Saturday, February 16, 2008

Time to Get Serious


It occurred to me at the Protest the Hero show the other night that although I've been playing bass for 12 years (and I was a quick study, I might add), I've hardly improved at all for at least 10 of them. Since I started in grade 10 I've played bigger shows with progressively better bands, but I haven't built a repertoire of cover songs, I haven't learned to read music on the bass (it should be a cinch, since I can read it for piano and trumpet), I can't slap well, I can't tap at all, I can't count out odd time signatures or polyrhythms, I can't solo or play with a pick to save my life, and when it comes to improvising, I'm hamfisted, slow and limited to three scales. I've always embraced the "less-is-more, deeper-is-better" philosophy of bass playing, and it's served me well, but, truthfully, part of why I denouce flashy bassists as masturbators is because I'm envious of their skill.

I've always said to myself, "Well, if I just practiced more, I could be better if I wanted to," but now I'm starting to think that I'd learn more, faster if I started taking lessons from a competent teacher. Following one's own inclinations can only take the learner so far, because the best knowledge, skills and techniques in any field are rare, hard-won and often counterintuitive. Some people might argue that any kind of "true" classicism violates the spirit of the rock ethos (this is probably the only point in the known universe that Alan Bloom and punk rockers would agree on, and I hope to return to Bloom's ill-tempered but philosophically interesting critique of rock music as irresponsible, vulgar and onanistic in a future post), but I think this is balderdash. It may seem paradoxical that submission to the rigours of tradition would be profoundly liberating, but I believe it's nonetheless true. I just hope I can find the time and the self-discipline to go as far as I can with this, because I really am getting too old to be a poseur or a dabbler.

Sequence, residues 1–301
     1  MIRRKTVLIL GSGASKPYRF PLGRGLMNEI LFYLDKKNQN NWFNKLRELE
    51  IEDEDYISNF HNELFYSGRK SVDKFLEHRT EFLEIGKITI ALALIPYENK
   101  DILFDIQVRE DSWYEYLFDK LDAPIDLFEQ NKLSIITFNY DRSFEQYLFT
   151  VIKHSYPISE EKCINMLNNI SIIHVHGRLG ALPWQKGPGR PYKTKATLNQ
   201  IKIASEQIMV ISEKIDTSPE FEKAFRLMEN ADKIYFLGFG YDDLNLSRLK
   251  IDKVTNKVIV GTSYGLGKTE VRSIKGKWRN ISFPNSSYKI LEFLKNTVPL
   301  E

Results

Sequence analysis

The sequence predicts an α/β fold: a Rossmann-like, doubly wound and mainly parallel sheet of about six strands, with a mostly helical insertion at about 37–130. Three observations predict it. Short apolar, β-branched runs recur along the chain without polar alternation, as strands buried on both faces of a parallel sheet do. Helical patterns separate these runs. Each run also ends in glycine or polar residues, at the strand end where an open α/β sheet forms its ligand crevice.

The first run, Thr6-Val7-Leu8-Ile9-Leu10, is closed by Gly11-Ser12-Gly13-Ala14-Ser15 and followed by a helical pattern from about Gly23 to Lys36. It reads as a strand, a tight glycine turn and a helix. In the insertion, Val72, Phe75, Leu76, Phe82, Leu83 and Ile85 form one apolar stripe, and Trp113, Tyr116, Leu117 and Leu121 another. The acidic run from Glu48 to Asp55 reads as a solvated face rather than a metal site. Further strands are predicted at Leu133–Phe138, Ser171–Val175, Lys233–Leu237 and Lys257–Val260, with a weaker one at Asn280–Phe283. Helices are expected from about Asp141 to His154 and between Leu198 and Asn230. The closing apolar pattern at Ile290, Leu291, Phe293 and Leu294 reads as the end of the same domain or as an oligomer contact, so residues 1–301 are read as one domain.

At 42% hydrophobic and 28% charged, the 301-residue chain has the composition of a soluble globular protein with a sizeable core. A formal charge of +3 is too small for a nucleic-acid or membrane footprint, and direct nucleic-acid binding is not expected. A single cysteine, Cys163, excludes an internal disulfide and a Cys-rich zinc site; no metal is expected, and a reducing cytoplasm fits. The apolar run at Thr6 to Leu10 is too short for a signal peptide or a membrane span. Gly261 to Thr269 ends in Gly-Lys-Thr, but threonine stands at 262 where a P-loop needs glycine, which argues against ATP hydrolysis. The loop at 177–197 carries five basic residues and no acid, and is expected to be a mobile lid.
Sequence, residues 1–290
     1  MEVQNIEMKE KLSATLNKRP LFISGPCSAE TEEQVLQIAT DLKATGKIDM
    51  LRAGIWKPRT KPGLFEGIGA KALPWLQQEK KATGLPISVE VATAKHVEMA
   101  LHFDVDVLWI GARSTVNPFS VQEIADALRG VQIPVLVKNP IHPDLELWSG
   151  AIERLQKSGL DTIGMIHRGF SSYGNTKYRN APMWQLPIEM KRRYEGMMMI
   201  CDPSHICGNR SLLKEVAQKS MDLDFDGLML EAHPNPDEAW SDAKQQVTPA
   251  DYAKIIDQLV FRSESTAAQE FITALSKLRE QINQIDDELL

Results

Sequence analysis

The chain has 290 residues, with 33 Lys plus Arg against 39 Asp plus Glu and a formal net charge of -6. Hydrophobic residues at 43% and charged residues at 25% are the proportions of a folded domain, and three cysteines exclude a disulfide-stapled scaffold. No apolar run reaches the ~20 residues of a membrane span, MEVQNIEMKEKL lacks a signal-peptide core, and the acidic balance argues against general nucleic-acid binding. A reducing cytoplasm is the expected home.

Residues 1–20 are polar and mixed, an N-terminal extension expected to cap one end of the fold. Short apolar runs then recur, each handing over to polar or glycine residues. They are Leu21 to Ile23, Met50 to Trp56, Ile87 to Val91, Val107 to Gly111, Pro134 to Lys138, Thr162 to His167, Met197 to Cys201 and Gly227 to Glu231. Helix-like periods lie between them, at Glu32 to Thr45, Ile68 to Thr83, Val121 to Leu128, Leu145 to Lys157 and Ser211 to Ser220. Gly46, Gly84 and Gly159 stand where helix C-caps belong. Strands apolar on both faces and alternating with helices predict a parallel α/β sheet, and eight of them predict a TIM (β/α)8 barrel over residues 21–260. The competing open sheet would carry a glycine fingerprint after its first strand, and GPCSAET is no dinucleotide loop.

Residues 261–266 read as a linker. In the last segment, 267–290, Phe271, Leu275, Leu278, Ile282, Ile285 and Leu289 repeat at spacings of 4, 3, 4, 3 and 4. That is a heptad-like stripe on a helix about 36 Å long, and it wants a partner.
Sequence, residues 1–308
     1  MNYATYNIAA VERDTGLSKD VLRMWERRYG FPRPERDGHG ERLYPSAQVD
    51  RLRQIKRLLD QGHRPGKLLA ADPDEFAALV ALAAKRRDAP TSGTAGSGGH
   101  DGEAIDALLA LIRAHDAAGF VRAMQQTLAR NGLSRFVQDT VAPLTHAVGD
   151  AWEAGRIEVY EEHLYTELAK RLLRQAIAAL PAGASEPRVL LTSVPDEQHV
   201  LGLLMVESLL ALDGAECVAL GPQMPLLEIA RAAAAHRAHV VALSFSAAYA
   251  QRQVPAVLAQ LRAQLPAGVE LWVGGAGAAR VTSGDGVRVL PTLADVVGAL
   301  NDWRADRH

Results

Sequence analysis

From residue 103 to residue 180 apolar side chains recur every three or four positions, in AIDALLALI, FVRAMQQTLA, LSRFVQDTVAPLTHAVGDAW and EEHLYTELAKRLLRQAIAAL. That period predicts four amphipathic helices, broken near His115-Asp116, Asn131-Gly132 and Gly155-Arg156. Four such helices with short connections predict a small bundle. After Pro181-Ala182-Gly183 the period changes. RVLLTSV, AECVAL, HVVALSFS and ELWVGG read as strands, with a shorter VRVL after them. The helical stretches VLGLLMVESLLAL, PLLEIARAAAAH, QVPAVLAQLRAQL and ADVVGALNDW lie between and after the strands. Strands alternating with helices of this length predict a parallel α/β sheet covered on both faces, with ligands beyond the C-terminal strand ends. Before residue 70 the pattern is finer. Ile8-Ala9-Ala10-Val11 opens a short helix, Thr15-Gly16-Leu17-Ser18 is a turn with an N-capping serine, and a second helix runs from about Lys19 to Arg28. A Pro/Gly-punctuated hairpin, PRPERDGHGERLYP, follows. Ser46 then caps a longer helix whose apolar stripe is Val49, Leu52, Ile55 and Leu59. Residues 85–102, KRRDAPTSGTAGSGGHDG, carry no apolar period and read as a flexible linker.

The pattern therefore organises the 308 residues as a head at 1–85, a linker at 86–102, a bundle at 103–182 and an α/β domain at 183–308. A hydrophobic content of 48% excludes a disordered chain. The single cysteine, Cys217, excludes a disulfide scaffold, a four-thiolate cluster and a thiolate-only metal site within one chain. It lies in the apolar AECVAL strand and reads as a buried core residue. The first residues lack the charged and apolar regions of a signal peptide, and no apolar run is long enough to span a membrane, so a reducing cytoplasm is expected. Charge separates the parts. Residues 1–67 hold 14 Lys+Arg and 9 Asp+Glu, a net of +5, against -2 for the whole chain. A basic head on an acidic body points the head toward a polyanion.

I was thinking I'd find some inspiration if I spruced my old Fender Jazz 5 up a little bit with a truss rod and intonation adjustment, lighter strings and a fancy new pickguard, but I need to get a goddamn job before I start worrying about all that.

(Image from www.gand.com)

6 comments:

Glenn said...

A few years ago I realized that I was doing a lot of creative type things (making movies, writing rock songs, writing stories, writing poetry, making electronic music, everybody's mom) but that I was really mediocre or worse at all of them. So I basically decided to pick one and focus on it. For some reason that was poetry, so I basically stopped playing the guitar and now I suck at it. I don't know what the lesson is here. Poetry is awesome?

John MacEachern said...

You should pick it up again. I mostly stopped playing bass for 2 years about 5 years ago, and once I got over the hand-cramping rustiness and bloody blisters (which took about 3 months) I was noticeably better at it. Not like I knew hot to play any new stuff, I mean, but I was better at playing the same old stuff.

Shauna said...

One of my favourite compliments ever was that I "look like the kind of girl who plays guitar", and one of my greatest shames is that I never even tried to learn. I've gotta get on that.

Jan said...

This is why I rarely tell people that I play the piano, because then they expect me to be able to play something and I just feel that is far too great of an expectation.

fEeF said...

Great to read word of your re-engagement with the ol' bass! I too have played on-and-off for the past few years, with little overall improvement... I recently picked up a killer EBS multi-drive distortion peddle and love to strap on the ear goggles and wail like fuzzed out metaleer. Anyway, killer stuff on here, John... love your writing, it boggles my jealous mind.

John said...

Thanks, Shireef. Good to hear from you.